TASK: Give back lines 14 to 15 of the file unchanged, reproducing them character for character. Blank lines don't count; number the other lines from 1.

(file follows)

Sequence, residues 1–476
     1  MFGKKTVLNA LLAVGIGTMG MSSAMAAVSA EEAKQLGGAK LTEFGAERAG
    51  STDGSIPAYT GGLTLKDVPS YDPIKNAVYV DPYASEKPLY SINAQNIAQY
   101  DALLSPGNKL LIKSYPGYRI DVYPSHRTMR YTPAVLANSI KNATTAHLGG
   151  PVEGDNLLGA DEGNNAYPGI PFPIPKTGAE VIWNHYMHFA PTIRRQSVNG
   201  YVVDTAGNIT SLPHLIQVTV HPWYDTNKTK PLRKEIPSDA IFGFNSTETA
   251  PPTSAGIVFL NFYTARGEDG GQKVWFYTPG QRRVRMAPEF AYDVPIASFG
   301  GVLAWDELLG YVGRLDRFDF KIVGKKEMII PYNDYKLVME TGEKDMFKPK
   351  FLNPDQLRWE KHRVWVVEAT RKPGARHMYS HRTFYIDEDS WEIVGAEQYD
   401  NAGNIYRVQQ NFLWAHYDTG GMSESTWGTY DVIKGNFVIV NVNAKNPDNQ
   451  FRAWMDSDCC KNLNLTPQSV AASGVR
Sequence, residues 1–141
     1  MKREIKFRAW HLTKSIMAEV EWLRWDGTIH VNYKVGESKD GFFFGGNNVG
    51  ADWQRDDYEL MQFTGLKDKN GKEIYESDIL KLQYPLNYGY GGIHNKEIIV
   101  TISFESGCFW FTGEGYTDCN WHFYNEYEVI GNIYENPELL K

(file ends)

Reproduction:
    51  ADWQRDDYEL MQFTGLKDKN GKEIYESDIL KLQYPLNYGY GGIHNKEIIV
   101  TISFESGCFW FTGEGYTDCN WHFYNEYEVI GNIYENPELL K